The looping and twisting cobalt blue rails of the Mr. Freeze: Reverse Blast loomed above the trees. The iconic siren of the ride occasionally blared through the warm September air as maintenance worked on the ride in the closed park. Below the steel supports, firefighters donned in orange and neon yellow wet suits, whitewater helmets and red personal flotation devices hung onto rescue boards through the class-four rapids of the Thunder River ride at Six Flags.  

“It’s like riding a bull,” said MU Fire and Rescue Training Institute instructor Roger Meyer.  

For the past 28 years — beginning in the wake of the Great Flood of 1993 —Six Flags’ Thunder River has been a training site for Missouri firefighters to test their confidence with floating through swift currents, trust the havens of swirling eddies and practice diving like a Labrador, the proper technique of leaping toward a victim. Keeping their heads above the water and jumping with their chests out, firefighters can safely avoid ankle breaks in shallow banks and maintain visual of the stranded individual.

Thunder River allows the firefighters to experience waters more intense than the Missouri River in a semi-controlled environment. In 2.5 minutes, the ride supervisor can drain the water, revealing the telephone poles which cause the rapids.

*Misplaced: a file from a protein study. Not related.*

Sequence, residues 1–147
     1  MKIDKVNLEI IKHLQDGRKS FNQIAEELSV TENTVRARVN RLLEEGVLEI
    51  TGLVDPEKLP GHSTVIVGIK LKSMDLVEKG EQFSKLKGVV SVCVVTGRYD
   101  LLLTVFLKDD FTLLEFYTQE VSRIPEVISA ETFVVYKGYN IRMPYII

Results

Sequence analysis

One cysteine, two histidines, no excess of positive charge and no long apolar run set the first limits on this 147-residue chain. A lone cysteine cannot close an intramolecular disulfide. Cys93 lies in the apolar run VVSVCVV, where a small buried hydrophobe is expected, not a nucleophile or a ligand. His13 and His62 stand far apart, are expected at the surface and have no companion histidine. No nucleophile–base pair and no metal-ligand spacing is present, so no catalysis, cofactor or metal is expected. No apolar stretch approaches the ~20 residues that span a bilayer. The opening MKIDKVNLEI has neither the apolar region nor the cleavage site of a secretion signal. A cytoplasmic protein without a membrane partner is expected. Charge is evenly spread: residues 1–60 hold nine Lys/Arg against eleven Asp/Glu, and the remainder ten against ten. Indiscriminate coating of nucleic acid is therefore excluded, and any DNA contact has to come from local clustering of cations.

The course has taught members of the Missouri Task Force 1, which recently came back from a deployment in Louisiana in aid of Hurricane Ida.

On September 9, fourteen firefighters engaged in the rigorous refresher course. They already passed the 300 meter swim test and the grueling week of the initial swift water course. Meyer led the experienced students through the class, promising that he would not hold their hands, but he would keep them safe.  

“I love taking a beating all day,” St. Louis Firefighter Bryan Amos said to Meyer. “I’m exhausted.”  

  • Staff Photographer, Spring 2021 Grad Student Reach me at, or in the newsroom at 882-5700